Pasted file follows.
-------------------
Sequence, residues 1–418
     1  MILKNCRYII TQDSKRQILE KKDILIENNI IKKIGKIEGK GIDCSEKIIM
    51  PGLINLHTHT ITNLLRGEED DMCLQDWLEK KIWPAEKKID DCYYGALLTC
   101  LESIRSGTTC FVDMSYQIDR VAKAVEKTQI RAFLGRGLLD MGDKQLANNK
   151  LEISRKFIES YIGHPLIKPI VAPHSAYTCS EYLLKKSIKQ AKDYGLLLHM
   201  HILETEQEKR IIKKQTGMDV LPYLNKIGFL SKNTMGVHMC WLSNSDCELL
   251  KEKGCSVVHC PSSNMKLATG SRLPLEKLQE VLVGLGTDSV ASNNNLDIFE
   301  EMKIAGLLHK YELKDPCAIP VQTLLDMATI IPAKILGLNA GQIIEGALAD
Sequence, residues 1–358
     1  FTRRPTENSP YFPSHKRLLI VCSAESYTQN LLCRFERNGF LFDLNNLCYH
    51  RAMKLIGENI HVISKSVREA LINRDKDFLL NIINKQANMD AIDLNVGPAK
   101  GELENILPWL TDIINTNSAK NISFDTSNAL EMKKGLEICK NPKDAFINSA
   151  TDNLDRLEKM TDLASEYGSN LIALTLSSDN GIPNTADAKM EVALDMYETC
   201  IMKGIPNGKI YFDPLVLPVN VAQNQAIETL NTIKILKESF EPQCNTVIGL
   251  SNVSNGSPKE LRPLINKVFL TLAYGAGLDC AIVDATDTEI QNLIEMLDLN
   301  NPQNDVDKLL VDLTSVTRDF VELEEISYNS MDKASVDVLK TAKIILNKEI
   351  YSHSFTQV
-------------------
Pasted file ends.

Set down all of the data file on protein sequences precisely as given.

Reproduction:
Sequence, residues 1–418
     1  MILKNCRYII TQDSKRQILE KKDILIENNI IKKIGKIEGK GIDCSEKIIM
    51  PGLINLHTHT ITNLLRGEED DMCLQDWLEK KIWPAEKKID DCYYGALLTC
   101  LESIRSGTTC FVDMSYQIDR VAKAVEKTQI RAFLGRGLLD MGDKQLANNK
   151  LEISRKFIES YIGHPLIKPI VAPHSAYTCS EYLLKKSIKQ AKDYGLLLHM
   201  HILETEQEKR IIKKQTGMDV LPYLNKIGFL SKNTMGVHMC WLSNSDCELL
   251  KEKGCSVVHC PSSNMKLATG SRLPLEKLQE VLVGLGTDSV ASNNNLDIFE
   301  EMKIAGLLHK YELKDPCAIP VQTLLDMATI IPAKILGLNA GQIIEGALAD
Sequence, residues 1–358
     1  FTRRPTENSP YFPSHKRLLI VCSAESYTQN LLCRFERNGF LFDLNNLCYH
    51  RAMKLIGENI HVISKSVREA LINRDKDFLL NIINKQANMD AIDLNVGPAK
   101  GELENILPWL TDIINTNSAK NISFDTSNAL EMKKGLEICK NPKDAFINSA
   151  TDNLDRLEKM TDLASEYGSN LIALTLSSDN GIPNTADAKM EVALDMYETC
   201  IMKGIPNGKI YFDPLVLPVN VAQNQAIETL NTIKILKESF EPQCNTVIGL
   251  SNVSNGSPKE LRPLINKVFL TLAYGAGLDC AIVDATDTEI QNLIEMLDLN
   301  NPQNDVDKLL VDLTSVTRDF VELEEISYNS MDKASVDVLK TAKIILNKEI
   351  YSHSFTQV